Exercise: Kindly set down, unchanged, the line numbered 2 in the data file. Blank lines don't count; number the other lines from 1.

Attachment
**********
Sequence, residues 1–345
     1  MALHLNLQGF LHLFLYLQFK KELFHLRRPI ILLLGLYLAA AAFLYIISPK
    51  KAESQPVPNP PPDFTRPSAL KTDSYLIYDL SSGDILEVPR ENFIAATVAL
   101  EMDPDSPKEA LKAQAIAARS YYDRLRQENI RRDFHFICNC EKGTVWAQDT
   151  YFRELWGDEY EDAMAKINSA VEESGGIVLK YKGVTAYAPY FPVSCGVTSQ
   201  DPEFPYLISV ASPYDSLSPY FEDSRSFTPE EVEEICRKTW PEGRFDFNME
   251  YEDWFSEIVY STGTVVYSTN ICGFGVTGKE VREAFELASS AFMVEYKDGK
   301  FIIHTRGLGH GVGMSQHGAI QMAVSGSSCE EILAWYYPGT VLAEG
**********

     1  MALHLNLQGF LHLFLYLQFK KELFHLRRPI ILLLGLYLAA AAFLYIISPK